You (Probably) Have the Technology
As well as our free online Rapid eLearning Development (ReD) course we also deliver a one-day workshop covering some of the same material. In fact it was from this workshop that ReD grew. Quite regularly people ask us which elearning author tool they should buy, the assumption being, you must have an elearning author tool in order to create elearning. This simply isn’t the case.
With the rise of mobile devices and tablet computers, people increasingly want access to their learning on the move and from whichever device they have on them. The trouble with many author tools is that their main publishing format is Flash, which as you know, Apple don’t support on their mobile devices. Author tool vendors are increasingly embracing HTML5 publishing, however, typically this will only support a sub-set of their functionality and you will be limited by users needing the very latest browsers to run the content.
The self-paced elearning course has been a staple of the industry for many years and yes, they have their place. However, more useful for the mobile user are smaller chunks of material that they can easily access. This is a case where the parts are more useful and flexible than the sum of them! The really great news is that these ‘learning assets’ are quicker and cheaper to produce than courses and can often be created using tools you already have, or ones that are free or cheap. These resources truly can be Rapid eLearning and this is what people learn on our ReD course. Here are some ideas for the sorts of resources you can develop cheaply and quickly:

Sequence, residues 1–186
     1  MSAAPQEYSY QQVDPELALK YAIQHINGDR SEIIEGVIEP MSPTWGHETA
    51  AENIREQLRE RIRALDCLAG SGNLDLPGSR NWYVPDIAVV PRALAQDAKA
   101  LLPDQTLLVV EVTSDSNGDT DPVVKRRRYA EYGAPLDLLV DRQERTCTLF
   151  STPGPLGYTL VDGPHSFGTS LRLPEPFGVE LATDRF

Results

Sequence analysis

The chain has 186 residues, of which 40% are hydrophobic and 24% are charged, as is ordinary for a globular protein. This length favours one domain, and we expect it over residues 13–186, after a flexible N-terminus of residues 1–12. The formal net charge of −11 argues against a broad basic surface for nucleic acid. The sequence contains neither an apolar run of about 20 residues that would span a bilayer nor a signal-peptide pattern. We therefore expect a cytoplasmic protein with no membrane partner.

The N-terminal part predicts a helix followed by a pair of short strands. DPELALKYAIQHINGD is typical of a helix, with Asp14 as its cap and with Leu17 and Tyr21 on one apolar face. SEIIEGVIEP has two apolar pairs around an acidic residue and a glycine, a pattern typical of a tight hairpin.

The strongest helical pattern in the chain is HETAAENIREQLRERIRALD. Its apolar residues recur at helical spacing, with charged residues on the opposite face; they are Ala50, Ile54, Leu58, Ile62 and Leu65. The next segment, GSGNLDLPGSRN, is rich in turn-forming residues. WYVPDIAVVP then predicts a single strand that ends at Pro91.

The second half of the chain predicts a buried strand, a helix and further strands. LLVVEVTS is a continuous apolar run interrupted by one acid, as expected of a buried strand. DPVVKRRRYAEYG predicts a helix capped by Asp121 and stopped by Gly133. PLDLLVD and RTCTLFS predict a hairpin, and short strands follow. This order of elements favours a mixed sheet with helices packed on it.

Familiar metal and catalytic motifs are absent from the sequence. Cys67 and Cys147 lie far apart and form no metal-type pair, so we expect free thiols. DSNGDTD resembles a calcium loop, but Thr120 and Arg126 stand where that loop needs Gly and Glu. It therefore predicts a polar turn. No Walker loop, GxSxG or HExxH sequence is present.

- Screencasts – short videos that capture what you are doing onscreen along with your voice. These can be captured using free or cheap systems such as screenr, Jing and Screenflow.
- Quizzes and assessments – quizzes can be used to reinforce learning as well as test knowledge retention. There are many free and low-cost quiz building systems available. We have used ProProfs, Classmarker and Google Forms for building quizzes.
- Animated videos – you could use these to get across key points of a topic, give an overview of a subject or explain a diagram or process. You can animate text and images using Microsoft PowerPoint and then publish it out as a video. Powtoon is pretty cool too.
- Web pages – simple web pages can be used as job-aids or implementation aids, helping people to put their learning into practice or to remind them of key points. If you know HTML you can create web pages using any text editor. If you need a little more help use something like Google Sites.
- Wikis and collaborative docs – letting people collaboratively work on a document allows them to share ideas, see other people’s contributions and build on them. We’ve used both Wikispaces and Google Drive to do this.
Hopefully this article has helped you see just how much you can do with low-cost tools and that much of it can also be mobile-accessible. Now go forth and have a play!